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Visible Absence – Book Launch and Guided Tour By William A. Christian, Jr.

The Visual Studies Platform at CEU, CEU Press and Mai Manó Ház cordially invite you to the launch of William A. Christian Jr.'s new book, The Stranger, the Tears, the Photograph, the Touch: Divine Presence in Spain and Europe Since 1500, followed by a guided tour offered by the author of Mai Manó House’s recently opened exhibition Visible Absence. The exhibition showcases postcards and photos from William A. Christian Jr.'s personal collection, which depict people along with divine beings or absent loved ones. The book will be presented by Vlad Naumescu, Associate Professor at CEU's Department of Sociology and Social Anthropology.
Free entry.
Venue: Mai Mano House, Daylight Studio
Date: Thursday, May 4, 2017 - 5:30 pm


The Stranger, the Tears, the Photograph, the Touch presents and comments on an extensive set of religious and personal photographs and illustrations that depict people along with divine beings or absent loved ones. First, Christian examines the periodic appearances of Christ-like strangers in the Spanish countryside through the vision of a woman in La Mancha in 1931. Then he considers the long history of images with liquids on them not only for early modern Spain, but also in the United States, Italy, and France in the 1940s and 1950s. The third and most extensive chapter addresses the iconography of illustrated depictions of divine and spirit beings in conjunction with humans and how its conventions were incorporated into commercial postcards and personal photographs, culminating in photo montages of families and their absent soldiers in World War I. The fourth chapter compares the electric moments in Spanish communities when people ritually come into physical contact with saints and with animals, or transform themselves into saints or animals for ritual purposes. This last chapter is accompanied by the color photographs of Spain’s preeminent documentary photographer Cristina García Rodero. The Stranger, the Tears, the Photograph, the Touch provides new ways of thinking about the intersections of the gods and the humans, and how we depict them and act them out. While of particular interest to scholars of religion, anthropology, art history, and theater, as well as the specialists in the Great War, it offers moving reflections about human experience for everyone.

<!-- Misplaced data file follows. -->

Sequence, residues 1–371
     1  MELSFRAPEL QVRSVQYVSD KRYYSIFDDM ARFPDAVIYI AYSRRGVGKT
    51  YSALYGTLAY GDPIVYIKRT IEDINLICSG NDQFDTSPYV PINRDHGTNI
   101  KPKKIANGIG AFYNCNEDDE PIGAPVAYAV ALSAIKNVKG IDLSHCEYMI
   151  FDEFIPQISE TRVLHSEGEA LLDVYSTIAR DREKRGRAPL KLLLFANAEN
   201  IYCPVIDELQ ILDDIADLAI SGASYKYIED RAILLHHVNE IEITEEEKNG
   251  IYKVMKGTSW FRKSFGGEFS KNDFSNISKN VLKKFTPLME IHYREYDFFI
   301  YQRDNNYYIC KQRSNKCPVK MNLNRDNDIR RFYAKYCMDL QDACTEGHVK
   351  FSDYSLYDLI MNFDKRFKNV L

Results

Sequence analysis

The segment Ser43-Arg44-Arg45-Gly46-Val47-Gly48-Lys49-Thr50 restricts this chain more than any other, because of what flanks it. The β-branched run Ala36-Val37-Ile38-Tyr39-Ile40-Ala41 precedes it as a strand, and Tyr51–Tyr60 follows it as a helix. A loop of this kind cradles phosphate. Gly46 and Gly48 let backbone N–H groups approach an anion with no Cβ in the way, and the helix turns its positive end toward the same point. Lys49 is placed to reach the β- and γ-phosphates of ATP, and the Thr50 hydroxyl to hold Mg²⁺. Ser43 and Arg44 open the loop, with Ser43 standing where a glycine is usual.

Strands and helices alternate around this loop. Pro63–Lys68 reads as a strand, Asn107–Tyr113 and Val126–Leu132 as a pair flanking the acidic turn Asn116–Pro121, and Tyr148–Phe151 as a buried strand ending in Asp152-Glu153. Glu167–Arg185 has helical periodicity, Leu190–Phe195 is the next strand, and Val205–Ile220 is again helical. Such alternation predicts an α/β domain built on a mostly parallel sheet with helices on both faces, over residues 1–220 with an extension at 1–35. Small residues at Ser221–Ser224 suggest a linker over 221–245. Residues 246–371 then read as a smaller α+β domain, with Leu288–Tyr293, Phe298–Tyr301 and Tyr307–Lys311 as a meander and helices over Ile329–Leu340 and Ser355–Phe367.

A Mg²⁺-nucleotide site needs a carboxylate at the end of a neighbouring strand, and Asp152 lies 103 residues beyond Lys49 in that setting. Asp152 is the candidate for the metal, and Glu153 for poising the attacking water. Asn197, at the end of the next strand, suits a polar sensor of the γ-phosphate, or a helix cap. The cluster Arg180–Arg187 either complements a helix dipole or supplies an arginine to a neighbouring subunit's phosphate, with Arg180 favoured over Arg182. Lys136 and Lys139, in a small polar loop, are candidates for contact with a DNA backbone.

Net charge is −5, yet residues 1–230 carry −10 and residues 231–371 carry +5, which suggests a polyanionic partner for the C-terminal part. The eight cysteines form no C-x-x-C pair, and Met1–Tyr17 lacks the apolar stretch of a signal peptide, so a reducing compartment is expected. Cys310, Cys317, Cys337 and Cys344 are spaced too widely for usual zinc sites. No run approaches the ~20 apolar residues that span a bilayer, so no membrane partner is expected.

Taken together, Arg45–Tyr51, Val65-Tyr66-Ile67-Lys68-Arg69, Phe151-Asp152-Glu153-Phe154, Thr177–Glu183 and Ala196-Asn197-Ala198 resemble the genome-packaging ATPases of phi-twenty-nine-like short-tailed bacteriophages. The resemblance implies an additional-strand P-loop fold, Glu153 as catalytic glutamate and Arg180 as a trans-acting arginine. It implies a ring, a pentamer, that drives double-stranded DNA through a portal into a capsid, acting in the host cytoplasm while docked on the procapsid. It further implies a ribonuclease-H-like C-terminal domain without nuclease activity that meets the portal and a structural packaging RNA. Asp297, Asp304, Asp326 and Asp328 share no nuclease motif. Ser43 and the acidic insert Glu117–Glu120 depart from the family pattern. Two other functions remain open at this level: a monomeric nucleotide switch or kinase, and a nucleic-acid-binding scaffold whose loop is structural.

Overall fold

Imitating the commercial postcards, studio photographers in the first decade of the twentieth century settled especially on a particular spatial arrangement, to indicate absent loved ones. They placed the persons present on a lower level and those absent on a higher level and skewed to one side. This arrangement followed conventions from religious art of humans having visions of saints, and depictions of persons beseeching religious images in votive paintings.

With World War I, the separation of millions of families from soldiers in imminent risk of death sharpened the need for joining the absent with the present. Across Europe there was a massive expansion of commercial postcards, and a popularization of combined images in personal photographs.

The virtual reunion in photographs of those present with those absent showed the power of this relatively new medium to capture and express affection. The images in this exhibit, many of them reminiscent of holy cards, remind us how much photographs had by the First World War become iconic in nature, complementing or replacing religious statues or pictures on the commode, on the writing table, or by the bunk or bedside. Soldiers, prisoners, family members hold photographs, stand next to photographs, juxtapose themselves with photographs as the next best thing to their absent loved one. With light, chemicals, and paper, people held together what warring nations, economic migration, and sickness threatened to pull apart forever.